Iran’s tourism minister has said that the country’s tourism industry has suffered a major setback but it will certainly come back to normal again.

Ali-Asghar Mounesan said this referring to the Ukrainian plane crash on January 8 near Tehran killing all 176 people on board.

“These events are a major blow to tourism, but we will leave it behind by the means of new plans and we will definitely return to normal,” Mounesan said.

Mounesan added, “A lot of efforts in the arena of [travel] advertisements were made with the participation of the private sector during the current [Iranian calendar] year (started March 21, 2019). We introduced Iran to target countries, but now we are facing a situation where new procedures are needed.”

Mounesan said that inbound tours witnessed a 70 percent fall after the plane crash incident.

He said that the Iranian ministry is dwelling on new travel markets for a recovery.

International safety warnings have been issued for tourists and other travelers bound towards prime destinations in the Middle East in the wake of the assassination of the top Iranian general Qassem Soleimani by U.S. forces on January 3.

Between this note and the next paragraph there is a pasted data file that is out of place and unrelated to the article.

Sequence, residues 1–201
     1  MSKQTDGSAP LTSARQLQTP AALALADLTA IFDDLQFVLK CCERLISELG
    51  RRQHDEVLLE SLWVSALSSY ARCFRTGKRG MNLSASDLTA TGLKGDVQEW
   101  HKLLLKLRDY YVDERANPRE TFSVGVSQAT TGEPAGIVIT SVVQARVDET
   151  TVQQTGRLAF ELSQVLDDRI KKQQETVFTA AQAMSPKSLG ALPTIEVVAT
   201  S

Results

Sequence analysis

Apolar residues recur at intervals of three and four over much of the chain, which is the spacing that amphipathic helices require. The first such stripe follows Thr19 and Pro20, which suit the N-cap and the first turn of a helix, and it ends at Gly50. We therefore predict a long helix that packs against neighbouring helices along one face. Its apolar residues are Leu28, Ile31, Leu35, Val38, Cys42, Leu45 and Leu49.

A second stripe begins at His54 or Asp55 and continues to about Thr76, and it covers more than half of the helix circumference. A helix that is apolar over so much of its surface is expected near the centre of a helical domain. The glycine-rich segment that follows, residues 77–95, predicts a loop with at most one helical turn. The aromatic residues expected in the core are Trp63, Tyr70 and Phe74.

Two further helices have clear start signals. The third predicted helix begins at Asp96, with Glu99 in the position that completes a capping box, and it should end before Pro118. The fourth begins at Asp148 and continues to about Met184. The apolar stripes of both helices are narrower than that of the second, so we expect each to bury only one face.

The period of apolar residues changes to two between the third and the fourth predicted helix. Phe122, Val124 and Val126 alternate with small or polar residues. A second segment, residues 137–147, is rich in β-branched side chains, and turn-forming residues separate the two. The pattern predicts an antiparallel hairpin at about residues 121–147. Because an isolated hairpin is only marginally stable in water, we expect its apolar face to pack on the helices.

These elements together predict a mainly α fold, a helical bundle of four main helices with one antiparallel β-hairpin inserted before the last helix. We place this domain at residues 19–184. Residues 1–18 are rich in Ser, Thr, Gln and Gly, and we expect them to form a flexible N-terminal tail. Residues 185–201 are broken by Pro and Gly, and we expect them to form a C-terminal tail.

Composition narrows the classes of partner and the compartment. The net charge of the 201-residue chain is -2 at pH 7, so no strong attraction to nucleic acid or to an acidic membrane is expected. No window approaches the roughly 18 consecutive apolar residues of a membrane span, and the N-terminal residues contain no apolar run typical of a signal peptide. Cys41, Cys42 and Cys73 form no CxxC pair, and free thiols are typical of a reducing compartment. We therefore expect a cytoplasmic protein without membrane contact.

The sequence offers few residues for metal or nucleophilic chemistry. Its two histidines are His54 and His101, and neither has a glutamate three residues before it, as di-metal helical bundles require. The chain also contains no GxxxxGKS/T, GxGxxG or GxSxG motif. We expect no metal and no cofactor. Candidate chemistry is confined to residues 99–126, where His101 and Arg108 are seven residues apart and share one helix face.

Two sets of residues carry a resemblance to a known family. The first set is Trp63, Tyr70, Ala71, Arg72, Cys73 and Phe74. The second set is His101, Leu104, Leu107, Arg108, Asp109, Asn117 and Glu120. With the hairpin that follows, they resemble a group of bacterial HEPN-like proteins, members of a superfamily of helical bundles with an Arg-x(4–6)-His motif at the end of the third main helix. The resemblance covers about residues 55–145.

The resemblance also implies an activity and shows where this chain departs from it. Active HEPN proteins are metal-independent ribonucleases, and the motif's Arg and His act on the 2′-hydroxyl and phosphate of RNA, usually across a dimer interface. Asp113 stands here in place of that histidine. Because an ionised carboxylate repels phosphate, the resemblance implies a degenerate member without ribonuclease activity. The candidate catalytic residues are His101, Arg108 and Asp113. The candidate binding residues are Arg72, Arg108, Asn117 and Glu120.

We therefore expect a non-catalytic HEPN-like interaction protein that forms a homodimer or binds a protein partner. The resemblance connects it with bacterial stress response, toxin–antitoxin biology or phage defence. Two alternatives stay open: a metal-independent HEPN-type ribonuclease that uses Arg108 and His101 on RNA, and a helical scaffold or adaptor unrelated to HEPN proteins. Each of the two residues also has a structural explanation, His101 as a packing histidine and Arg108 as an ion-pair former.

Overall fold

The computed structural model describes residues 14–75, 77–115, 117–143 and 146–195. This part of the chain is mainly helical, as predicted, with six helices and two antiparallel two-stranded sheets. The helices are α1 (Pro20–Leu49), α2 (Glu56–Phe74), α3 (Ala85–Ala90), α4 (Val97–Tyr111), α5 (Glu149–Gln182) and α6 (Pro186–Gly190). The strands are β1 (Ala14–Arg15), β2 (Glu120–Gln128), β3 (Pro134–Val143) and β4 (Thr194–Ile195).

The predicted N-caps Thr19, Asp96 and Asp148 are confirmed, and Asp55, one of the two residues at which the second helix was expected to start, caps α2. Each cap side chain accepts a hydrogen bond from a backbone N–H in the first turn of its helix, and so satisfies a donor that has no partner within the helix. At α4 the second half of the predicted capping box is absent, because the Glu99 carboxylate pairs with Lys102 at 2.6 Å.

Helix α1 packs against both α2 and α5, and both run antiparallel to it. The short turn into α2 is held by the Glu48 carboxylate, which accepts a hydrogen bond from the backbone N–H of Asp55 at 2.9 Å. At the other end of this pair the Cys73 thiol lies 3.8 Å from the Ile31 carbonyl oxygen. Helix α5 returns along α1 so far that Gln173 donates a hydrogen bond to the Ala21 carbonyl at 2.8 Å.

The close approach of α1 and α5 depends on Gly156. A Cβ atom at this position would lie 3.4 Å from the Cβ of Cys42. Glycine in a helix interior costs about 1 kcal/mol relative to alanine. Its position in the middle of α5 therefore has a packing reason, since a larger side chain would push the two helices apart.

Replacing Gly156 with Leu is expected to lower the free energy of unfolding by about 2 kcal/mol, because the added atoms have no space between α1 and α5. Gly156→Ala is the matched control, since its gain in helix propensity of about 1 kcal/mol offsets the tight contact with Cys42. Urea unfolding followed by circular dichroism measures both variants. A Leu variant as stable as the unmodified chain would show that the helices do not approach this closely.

The U.S. State Department and British Foreign Commonwealth Office were among the many government bodies to issue “do not travel” advisories for Iran.

Iran welcomed around 7.8 million foreign nationals last year, witnessing a 52.5 percent increase year-on-year.

The World Travel & Tourism Council said that Iraq was the main source of tourism for Iran in 2018, constituting 24% of all inbound visitors. Azerbaijan with (17%), Turkey (8%), Pakistan (4%) and Bahrain (2%) were other major sources. The remaining 46% came from the rest of the world.

Iran boasts of hundreds of historical sites like bazaars, museums, mosques, bridges, bathhouses, madrasas, mausoleums, churches, towers, and mansions, of which 22 are inscribed on the UNESCO World Heritage list. Under the 2025 Tourism Vision Plan, Iran aims to increase the number of tourist arrivals from 4.8 million in 2014 to 20 million in 2025.